Check out the Pride Celebration Treasure Hunt!
This site uses cookies to deliver our services, improve performance, for analytics, and (if not signed in) for advertising. By using LibraryThing you acknowledge that you have read and understand our Terms of Service and Privacy Policy. Your use of the site and services is subject to these policies and terms.
Hide this

Results from Google Books

Click on a thumbnail to go to Google Books.

Why Baseball Matters (Why X Matters Series)…

Why Baseball Matters (Why X Matters Series) (edition 2018)

by Susan Jacoby (Author)

MembersReviewsPopularityAverage ratingMentions
242655,531 (3.92)1
Title:Why Baseball Matters (Why X Matters Series)
Authors:Susan Jacoby (Author)
Info:Yale University Press (2018), 224 pages; Advanced readers ebook copy

Work details

Why baseball matters by Susan Jacoby



Sign up for LibraryThing to find out whether you'll like this book.

No current Talk conversations about this book.

» See also 1 mention

Showing 2 of 2
Read/skimmed. Jacoby is a huge baseball fan (White Sox, now Mets). I enjoyed reading about her love of the game and how it came about. She also analyzes the popularity of the game over the ages and the reason for ups and downs in attendance and specific fan bases such as teens in this time of digital distraction. And the allure of fantasy baseball. She ends by offering "suggestions to owners, players, and anyone else who cares" to woo back the masses. ( )
  bogopea | Oct 31, 2018 |
Why Baseball Matters by Susan Jacoby was an enjoyable read. Susan is a longtime baseball fan who brings her history with baseball to life in this book. She discusses the problems baseball is having with attracting and retaining younger fans. She describes and breaks down various studies concerning such issues as why there are currently less African American fans and players., why current fans skew heavily towards older, white people, etc. She also discusses the actions current Major League Baseball officials, including Commissioner Rob Manfred, are taking to attract new fans. Ms. Jacoby breaks down why some of these actions are useless, detrimental, or helpful.. My favorite part of the book was her list of recommendations on how to improve the current state of the game without destroying the game itself. ( )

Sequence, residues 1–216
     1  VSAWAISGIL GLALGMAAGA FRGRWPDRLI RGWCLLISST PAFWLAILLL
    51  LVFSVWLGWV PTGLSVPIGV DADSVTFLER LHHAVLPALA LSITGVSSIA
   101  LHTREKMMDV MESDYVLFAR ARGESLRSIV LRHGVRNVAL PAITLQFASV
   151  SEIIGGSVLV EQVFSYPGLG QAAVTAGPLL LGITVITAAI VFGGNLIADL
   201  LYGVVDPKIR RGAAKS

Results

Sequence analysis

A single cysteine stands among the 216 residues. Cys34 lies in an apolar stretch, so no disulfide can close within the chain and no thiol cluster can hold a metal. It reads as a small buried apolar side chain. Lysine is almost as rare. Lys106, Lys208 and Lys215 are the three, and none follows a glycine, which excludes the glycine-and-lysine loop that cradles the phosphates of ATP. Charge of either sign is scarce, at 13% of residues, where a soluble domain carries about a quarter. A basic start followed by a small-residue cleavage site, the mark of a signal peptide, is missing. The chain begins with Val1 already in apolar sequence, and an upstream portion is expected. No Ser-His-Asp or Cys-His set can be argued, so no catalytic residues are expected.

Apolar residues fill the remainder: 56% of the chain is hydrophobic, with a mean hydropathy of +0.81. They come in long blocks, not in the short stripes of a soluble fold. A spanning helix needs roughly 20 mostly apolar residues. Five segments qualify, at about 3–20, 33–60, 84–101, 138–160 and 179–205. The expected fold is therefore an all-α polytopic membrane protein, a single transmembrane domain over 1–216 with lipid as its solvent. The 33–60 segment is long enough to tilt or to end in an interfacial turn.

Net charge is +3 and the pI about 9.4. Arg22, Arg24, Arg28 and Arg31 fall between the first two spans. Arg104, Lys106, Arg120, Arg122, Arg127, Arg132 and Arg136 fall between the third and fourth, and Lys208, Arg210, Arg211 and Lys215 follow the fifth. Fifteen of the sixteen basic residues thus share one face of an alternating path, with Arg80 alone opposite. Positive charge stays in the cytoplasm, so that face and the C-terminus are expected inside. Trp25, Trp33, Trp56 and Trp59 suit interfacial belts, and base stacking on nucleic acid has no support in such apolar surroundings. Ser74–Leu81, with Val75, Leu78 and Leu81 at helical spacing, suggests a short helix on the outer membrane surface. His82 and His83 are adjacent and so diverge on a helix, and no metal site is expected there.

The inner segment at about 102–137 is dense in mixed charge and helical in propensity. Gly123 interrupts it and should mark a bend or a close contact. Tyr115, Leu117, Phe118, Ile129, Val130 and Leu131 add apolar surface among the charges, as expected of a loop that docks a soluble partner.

lwbooklover | Apr 25, 2018 |
Showing 2 of 2
no reviews | add a review
You must log in to edit Common Knowledge data.
For more help see the Common Knowledge help page.
Series (with order)
Canonical title
Original title
Alternative titles
Original publication date
Important places
Important events
Related movies
Awards and honors
First words
Last words
Disambiguation notice
Publisher's editors
Publisher series
Original language
Canonical DDC/MDS

References to this work on external resources.

Wikipedia in English


Book description
Haiku summary

No descriptions found.

Baseball, first dubbed the "national pastime" in print in 1856, is the country's most tradition-bound sport. Despite remaining popular and profitable into the twenty-first century, the game is losing young fans, among African Americans and women as well as white men. Furthermore, baseball's greatest charm--a clockless suspension of time--is also its greatest liability in a culture of digital distraction. These paradoxes are explored by the historian and passionate baseball fan Susan Jacoby in a book that is both a love letter to the game and a tough-minded analysis of the current challenges to its special position--in reality and myth--in American culture. The concise but wide-ranging analysis moves from the Civil War--when many soldiers played ball in northern and southern prisoner-of-war camps--to interviews with top baseball officials and young men who prefer playing online "fantasy baseball" to attending real games. Revisiting her youthful days of watching televised baseball in her grandfather's bar, the author links her love of the game with the informal education she received in everything from baseball's history of racial segregation to pitch location. Jacoby argues forcefully that the major challenge to baseball today is a shortened attention span at odds with a long game in which great hitters fail two out of three times. Without sanitizing this basic problem, Why Baseball Matters remind us that the game has retained its grip on our hearts precisely because it has repeatedly demonstrated the ability to reinvent itself in times of immense social change.… (more)

(summary from another edition)

Quick Links

Popular covers


Average: (3.92)
2.5 1
3 1
3.5 1
4.5 1
5 2

Is this you?

Become a LibraryThing Author.


About | Contact | Privacy/Terms | Help/FAQs | Blog | Store | APIs | TinyCat | Legacy Libraries | Early Reviewers | Common Knowledge | 135,494,752 books! | Top bar: Always visible